Famous for his Orange Suspendu sculpture in Jaffa, I had the pleasure to interview environmental artist Ran Morin. Rarely granting interviews with the press, Morin spoke with me a little about living and working in Israel, and man’s place in the environment. Earlier this week Ran Morin sent me an invite to the launching of his 4-year project, at Hebrew University (Mt. Scopus Historical Botanical Garden, with some pictures below the fold).
The event is happening next week on November 25th. Below is a little bit more about the man, whose work translates some of the complicated political and spiritual reality in the Middle East.
Like many others who admire his work, Israeli environment artist Ran Morin’s favorite sculpture is a centerpiece of Jaffa’s Old City. Although the artist labors years, sometimes decades, over projects spanning a number of Jerusalem’s historic archeology sites, it’s the orange tree, Orange Suspendu that hovers both in situ and in the mind.
Created in 1993, Orange Suspendu hangs in an entranceway to a cobblestone path leading to galleries and art studios, where it is held about a meter above ground by wires. The unusual city landmark – only seconds away from the Mediterranean Sea – draws thousands of tourists each year who stand beside it, marveling.
This is true even for those who don’t know the history of the famous Israeli export, the Jaffa orange which was packed and shipped from the Jaffa Port starting in the late 1800s, and which continues to be a favorite the world over. The Jaffa orange, now getting a carbon label, is also a symbol for the local Arab Israeli population, who share the multicultural city with their Jewish neighbors.
Not long after the installation, Morin started getting inquiries from people all around the world who wanted to commission their own hanging tree. It just wasn’t for him.
“I’m not a trademark tree hanger,” Morin says. “My projects need time.” Besides he explains, hanging trees require continual investment on the part of the owner: “These trees are living up there and the conditions are not easy to maintain. They need the right kind of soil and enough drainage, and a careful irrigation regime. It’s artificial – a bit like being in outer space.”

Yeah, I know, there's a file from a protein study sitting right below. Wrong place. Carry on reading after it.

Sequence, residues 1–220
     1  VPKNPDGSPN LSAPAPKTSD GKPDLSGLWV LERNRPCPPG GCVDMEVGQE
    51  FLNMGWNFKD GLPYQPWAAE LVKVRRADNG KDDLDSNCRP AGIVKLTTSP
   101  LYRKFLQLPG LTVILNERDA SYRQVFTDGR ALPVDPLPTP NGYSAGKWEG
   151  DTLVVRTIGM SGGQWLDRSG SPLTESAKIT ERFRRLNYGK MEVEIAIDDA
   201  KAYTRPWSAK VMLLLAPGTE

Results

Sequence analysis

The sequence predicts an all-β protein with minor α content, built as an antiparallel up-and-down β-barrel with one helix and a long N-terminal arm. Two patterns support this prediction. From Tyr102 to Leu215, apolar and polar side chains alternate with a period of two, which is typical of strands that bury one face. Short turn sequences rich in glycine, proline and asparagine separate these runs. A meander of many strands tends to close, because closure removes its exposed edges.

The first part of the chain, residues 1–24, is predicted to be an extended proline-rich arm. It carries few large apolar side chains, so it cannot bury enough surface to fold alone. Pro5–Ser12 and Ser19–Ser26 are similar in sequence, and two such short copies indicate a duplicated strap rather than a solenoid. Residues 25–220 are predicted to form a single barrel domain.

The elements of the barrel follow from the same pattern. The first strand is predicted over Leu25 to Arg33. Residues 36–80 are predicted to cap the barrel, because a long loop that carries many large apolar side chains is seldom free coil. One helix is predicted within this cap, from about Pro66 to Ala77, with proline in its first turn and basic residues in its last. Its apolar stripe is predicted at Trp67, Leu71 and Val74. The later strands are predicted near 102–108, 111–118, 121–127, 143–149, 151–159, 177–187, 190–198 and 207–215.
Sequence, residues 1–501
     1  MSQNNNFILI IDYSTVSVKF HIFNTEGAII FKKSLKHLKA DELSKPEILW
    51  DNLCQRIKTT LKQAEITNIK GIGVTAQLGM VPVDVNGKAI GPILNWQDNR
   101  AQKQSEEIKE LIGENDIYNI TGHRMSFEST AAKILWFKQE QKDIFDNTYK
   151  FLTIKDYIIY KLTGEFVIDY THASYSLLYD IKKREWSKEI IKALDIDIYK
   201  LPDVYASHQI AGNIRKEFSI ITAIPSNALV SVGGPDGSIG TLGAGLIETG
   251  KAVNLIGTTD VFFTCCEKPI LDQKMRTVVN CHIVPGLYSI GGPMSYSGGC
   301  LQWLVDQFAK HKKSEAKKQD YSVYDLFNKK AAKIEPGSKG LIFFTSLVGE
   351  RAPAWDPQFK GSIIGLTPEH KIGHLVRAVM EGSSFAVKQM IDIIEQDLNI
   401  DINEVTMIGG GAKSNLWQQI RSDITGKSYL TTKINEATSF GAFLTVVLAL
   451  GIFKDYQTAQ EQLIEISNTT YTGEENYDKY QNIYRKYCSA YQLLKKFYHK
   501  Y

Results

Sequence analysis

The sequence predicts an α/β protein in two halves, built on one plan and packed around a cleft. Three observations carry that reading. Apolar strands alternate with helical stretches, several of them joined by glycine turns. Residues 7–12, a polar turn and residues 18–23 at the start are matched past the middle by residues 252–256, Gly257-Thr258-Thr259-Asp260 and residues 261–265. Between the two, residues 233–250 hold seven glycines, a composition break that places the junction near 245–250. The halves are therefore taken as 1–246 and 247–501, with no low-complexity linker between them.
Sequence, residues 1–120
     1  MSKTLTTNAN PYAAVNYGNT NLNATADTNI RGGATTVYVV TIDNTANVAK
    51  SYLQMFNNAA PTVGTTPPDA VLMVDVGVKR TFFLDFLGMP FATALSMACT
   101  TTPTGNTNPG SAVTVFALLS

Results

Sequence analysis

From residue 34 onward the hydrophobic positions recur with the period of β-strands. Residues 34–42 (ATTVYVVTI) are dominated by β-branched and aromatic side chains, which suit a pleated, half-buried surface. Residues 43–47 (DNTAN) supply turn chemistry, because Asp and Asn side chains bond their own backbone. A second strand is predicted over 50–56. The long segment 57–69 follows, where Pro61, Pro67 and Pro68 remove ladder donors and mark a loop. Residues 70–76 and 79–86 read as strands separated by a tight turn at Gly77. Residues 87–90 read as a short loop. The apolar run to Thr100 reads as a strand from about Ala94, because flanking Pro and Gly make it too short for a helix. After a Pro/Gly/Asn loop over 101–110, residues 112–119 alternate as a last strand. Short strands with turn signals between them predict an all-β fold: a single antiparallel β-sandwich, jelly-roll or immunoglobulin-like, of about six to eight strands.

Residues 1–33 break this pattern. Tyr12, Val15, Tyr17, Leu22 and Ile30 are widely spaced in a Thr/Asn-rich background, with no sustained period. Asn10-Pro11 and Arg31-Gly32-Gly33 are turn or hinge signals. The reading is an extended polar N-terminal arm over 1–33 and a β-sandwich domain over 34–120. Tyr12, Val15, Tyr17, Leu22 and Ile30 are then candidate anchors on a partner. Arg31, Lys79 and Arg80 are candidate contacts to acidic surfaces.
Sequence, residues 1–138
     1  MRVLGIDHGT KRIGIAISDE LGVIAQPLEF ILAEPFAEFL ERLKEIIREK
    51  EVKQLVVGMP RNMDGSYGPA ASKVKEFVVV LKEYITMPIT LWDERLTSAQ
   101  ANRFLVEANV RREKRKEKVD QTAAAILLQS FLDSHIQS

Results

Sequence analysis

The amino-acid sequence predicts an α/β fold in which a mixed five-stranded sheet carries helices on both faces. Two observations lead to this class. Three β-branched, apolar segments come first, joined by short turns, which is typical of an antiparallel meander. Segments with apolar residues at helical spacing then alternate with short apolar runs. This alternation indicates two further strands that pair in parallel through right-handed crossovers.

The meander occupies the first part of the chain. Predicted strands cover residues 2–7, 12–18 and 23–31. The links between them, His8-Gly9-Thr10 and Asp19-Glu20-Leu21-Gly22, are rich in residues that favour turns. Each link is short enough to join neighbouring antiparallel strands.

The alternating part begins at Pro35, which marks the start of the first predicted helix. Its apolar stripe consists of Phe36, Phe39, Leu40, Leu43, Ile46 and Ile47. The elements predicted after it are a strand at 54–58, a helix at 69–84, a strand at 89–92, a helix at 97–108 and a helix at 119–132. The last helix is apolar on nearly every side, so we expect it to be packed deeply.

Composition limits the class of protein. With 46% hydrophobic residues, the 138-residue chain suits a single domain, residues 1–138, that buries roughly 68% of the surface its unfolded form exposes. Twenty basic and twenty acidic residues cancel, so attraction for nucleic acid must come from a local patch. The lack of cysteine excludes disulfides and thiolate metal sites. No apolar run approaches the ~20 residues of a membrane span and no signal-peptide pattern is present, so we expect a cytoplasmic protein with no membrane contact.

In comparison to the rest of Morin’s work, the orange tree was created very quickly. He calls it his baby. “It was the one that was easiest,” says Morin. “This one came as a flash, representing the end of a whole process.”
It’s different with other works, where he labors over his art. Morin finds himself speaking to authorities from around the world to study the history of some of Israel’s overlooked archeology sites, and gain permission to rejuvenate with imaginative sculptural gardens that are literally acres in size.
This was the case with “Hypothetical Ruins”, located at an archaeological site at Kibbutz Ramat Rachel outside of Jerusalem where he connected with Prof. Oded Lipschits, an archaeologist from Tel Aviv University who continues to work at this important excavation today.
Olive trees on columns at Ramat Rachel
It’s also true of his work now at Hebrew University’s botanical gardens. All are backbreaking endeavors that require painstaking attention to detail. “They take the blood, these projects,” says Morin. “There are literally millions of screws that have to fit in place. I have spent years in the sun.”
Some of his projects have political undertones, mainly because it can’t be avoided in Jerusalem and the areas where he works. Personally, however, Moran tries to stay away from such sensitive issues. It’s hard though: “I am dealing with earth and olive trees and actual places where there are borders. A Palestinian once told me, ‘Okay we don’t have to fight over the land; we can grow the trees in the sky’.”
Preserving Palestinian landmarks
Not long ago members from the Palestinian village Al Isawiya outside of Jerusalem called Morin. They wanted him to preserve their holy tree, believed by the locals to be a rainmaker. “And judging between people and all that,” says Morin, who proceeded to turn the immediate area around the tree into a sanctuary now called the “The Sacred Charub Tree of Isawyia.”
The sacred Charub tree of Isawyia is the main symbolic relic of the village. Christian tradition claims that Jesus (Isa in Arabic) sat underneath this tree with his disciples. Moslems maintain that the tree was the meeting place of Saladin’s generals (1187), one of which was named Elmuadem Isa – hence Isa-wyia. The tree is believed to posses supernatural powers and can fulfill wishes, judge between opponents and even produce rain in years of draught.
This project and the much larger ones created outside of Israel in locations such as London and Rome, – fulfil Morin’s vision of preserving the landscape in a creative way. As he sees it, “historical memories [are] one of the elements of ecology.”
This is especially true in Jerusalem, where Morin was born, studied and lives, and where contractors are developing “like crazy” what could be “one of the most significant areas of the world.”
This article is reprinted courtesy of ISRAEL21c.